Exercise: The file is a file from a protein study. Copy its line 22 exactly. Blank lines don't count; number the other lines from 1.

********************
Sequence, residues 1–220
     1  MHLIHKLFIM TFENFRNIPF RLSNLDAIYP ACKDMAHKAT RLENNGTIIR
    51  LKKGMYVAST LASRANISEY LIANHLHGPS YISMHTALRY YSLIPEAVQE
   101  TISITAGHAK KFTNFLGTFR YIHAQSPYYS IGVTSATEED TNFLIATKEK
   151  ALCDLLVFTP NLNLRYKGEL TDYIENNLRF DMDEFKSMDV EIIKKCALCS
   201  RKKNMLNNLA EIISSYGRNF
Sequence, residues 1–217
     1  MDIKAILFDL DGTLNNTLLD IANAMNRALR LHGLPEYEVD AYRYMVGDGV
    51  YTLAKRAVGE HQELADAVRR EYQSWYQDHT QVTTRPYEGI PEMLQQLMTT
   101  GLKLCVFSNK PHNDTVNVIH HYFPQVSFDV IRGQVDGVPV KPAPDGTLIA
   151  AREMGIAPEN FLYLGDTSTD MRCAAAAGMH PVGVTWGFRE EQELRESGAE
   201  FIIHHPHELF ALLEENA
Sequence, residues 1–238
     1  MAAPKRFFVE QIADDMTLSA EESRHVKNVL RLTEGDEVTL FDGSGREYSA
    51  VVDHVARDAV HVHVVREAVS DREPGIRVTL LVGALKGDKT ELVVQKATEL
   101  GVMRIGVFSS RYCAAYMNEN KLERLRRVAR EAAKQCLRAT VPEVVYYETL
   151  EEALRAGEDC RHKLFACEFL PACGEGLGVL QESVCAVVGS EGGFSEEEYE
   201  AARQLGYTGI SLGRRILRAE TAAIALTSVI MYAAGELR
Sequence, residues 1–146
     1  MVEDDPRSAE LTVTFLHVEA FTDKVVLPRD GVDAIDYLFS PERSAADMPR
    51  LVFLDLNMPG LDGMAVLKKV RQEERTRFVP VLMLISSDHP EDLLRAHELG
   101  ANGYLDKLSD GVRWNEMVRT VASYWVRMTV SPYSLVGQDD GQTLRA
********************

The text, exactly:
   101  ANGYLDKLSD GVRWNEMVRT VASYWVRMTV SPYSLVGQDD GQTLRA